But I didn’t choose those options. You would think that as the token Asian American I would feel alone and isolated. But quite the opposite was true. Just by going to an all women’s college, I had all the support I needed. I was surrounded by smart, powerful, and fierce young women who were ready to conquer the world. I still have very fond memories of my college experience.

An Asian American friend who went to UC Santa Barbara told me that she experienced a lot of racial comments while she was at school. That made me very confused. I went to school in a conservative state and was blatantly the minority at my school. I did not experience discrimination at all. 

But my school was also a bubble. A beautiful campus on a vast amount of land. Because I was from out of state, I didn’t have a car. I mainly stayed on campus and relied on friends to drive me places as needed. Additionally, Southern hospitality is true – almost everyone I met outside of campus seemed friendly. This included my second boyfriend, a black man who attended a private, all-men’s liberal arts college an hour or so away.

What kind of friends did I have in college? My first roommate in college was an Indian girl from Botswana. She and I got along really well, and I have her to thank for my love of Indian food. I’m not sure who selects roommates for first years, but perhaps they thought sticking two Asians together made sense.

But as the years went on, my friendships shifted. 

During my sophomore year, a white girl living on my floor introduced me to makeup and gave me my first makeover. She taught me that you should either emphasize your eyes or your mouth but not both. She made me realize that makeup doesn’t necessarily have to be for vain, pretty girls but could be a tool to enhance your natural beauty. 

During my junior year, I lived in a quad with two white girls from VA and a Mexican girl from El Paso, TX. Several white girls I met also exposed me to how crude and funny some people can be. I had never experienced that before. They would have no shame in belching out loud in front of others. In fact, I mistakenly stereotyped white girls and thought, “Are all white girls like that?”

During senior year, I lived in a quad with three, different, white girls from VA. Two quiet girls and two outspoken girls, but all just wanting to have a good time. Senior year was my most fun year. Most people party their first year and then buckle down in their studies, but my experience was the opposite. I spent the first part of my college life studying and mainly keeping to myself and a couple friends. During senior year, I socialized. I went to dances. I went to spring break with a group of friends to Myrtle Beach. I attended social events at other colleges. I met a lot of really nice, black, male friends from Hampden-Sydney College, including one I fell in love with.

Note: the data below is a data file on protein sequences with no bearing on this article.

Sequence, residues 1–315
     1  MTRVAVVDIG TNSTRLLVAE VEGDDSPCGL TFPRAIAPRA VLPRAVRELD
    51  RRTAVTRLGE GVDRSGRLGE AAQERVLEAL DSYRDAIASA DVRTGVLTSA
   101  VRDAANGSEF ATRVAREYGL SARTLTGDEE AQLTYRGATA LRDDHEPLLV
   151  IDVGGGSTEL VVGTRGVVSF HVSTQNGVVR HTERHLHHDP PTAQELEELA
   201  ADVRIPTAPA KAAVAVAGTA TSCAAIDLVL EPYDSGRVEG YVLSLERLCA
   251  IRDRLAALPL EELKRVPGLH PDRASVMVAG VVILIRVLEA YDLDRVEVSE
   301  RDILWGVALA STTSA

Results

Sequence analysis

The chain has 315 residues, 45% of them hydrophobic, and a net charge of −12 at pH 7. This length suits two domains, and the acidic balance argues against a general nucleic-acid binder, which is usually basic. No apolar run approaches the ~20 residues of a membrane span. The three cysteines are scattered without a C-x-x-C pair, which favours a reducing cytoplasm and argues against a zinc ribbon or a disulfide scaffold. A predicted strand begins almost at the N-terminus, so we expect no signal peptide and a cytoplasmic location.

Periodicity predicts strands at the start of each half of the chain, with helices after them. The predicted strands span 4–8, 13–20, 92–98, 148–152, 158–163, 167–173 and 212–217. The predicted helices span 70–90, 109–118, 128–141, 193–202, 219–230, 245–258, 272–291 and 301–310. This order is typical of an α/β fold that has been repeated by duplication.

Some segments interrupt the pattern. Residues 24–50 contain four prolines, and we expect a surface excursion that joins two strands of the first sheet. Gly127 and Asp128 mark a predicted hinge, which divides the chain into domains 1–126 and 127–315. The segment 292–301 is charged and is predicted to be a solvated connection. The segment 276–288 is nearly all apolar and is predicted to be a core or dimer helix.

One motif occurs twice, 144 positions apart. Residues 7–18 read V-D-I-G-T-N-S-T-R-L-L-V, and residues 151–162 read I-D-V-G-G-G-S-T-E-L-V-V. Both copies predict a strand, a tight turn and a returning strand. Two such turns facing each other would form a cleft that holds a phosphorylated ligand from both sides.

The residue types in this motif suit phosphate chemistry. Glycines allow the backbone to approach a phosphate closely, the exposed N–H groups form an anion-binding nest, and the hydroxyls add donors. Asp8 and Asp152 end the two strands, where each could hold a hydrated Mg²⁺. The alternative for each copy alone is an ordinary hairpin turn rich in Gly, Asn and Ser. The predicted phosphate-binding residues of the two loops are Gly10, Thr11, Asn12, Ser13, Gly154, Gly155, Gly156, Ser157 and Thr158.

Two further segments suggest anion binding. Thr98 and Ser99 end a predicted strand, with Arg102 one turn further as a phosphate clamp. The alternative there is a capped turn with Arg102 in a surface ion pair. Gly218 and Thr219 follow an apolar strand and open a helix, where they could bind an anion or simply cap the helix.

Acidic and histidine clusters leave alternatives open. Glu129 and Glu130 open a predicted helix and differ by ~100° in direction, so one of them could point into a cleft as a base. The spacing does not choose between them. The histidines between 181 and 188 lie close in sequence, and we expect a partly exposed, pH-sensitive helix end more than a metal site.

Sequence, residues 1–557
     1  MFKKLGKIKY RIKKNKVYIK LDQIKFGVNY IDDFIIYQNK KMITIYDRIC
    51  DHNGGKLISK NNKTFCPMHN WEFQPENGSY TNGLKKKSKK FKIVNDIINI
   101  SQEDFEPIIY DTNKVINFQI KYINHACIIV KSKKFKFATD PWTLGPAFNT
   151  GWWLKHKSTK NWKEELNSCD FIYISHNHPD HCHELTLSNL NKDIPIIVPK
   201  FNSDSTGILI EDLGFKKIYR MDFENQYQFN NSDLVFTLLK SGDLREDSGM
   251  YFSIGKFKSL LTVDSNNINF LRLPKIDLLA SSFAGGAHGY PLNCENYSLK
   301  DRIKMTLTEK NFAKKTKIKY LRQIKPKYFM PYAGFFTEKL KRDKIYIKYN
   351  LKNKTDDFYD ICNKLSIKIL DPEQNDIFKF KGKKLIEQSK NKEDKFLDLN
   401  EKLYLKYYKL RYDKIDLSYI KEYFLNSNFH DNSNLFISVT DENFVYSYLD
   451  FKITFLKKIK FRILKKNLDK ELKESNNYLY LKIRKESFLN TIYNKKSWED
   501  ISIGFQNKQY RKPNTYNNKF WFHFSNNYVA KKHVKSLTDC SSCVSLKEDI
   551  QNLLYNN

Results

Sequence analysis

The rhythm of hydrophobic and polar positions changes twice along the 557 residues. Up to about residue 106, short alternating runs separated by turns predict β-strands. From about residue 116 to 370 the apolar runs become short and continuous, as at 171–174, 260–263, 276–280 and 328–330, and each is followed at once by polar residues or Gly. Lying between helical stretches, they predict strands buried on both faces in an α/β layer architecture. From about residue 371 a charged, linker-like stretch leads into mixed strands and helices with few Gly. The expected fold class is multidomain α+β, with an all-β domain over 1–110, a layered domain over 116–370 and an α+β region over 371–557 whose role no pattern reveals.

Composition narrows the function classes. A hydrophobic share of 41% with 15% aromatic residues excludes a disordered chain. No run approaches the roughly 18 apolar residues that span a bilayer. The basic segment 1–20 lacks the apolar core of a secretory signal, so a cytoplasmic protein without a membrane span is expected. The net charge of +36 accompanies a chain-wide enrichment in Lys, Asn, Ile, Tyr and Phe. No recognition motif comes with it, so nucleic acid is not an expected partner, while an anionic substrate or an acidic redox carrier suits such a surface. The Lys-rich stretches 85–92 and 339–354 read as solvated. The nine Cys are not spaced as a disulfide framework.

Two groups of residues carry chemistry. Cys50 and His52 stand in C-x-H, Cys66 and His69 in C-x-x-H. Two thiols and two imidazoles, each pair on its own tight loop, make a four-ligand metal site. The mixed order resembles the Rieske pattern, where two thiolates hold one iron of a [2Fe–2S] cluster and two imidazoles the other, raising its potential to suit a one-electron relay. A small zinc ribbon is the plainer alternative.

My Summer Abroad in South Korea

Want to know what else was fun? Studying abroad in South Korea the summer before my junior year of college. I spent 1-2 months living with my aunt and interning at Korea National Tourism Organization (KNTO). I wrote and edited articles for publication on the English version of their website. I assisted my supervisor and assistant managers as needed, mainly with administrative tasks. I considered it a cool, exciting internship.

But, as we all know, it’s the people who usually make a job worthwhile. I met three, other Korean American female interns and instantly bonded with them. I recently found an old email that one of them had sent me after that summer abroad. She wrote, “I remember in KNTO how we thought we were lost sisters because we had so many similarities and our birthdays were alike. Remember mine? It’s December 28 (mine’s February 28).”

After that internship ended, I participated in a summer program at Yonsei University. I stayed in dorms and took a couple courses (one language, one related to my sociology major, and a fun cooking one). Again, it was really easy for me to find a group of people I clicked with. One girl from Chicago reminded me of myself because she was also a bookworm who loved writing and editing. Some were more “Korean,” and some were more Americanized.

In any case, we all shared the fact that we were Korean Americans who were temporarily together in South Korea. We had fun together exploring the city of Seoul. One night we stayed out so late that we missed the last running subway and ended up having to take taxis back to campus. 

So whether I was surrounded by mostly white people or mostly Korean people, I found a place where I belonged.

My Present 

I’m now married to a half-white, half-Mexican man, and we are raising an interracial son. Our mutual friend who introduced us to each other called him an “egg” – white on the outside, but yellow on the inside.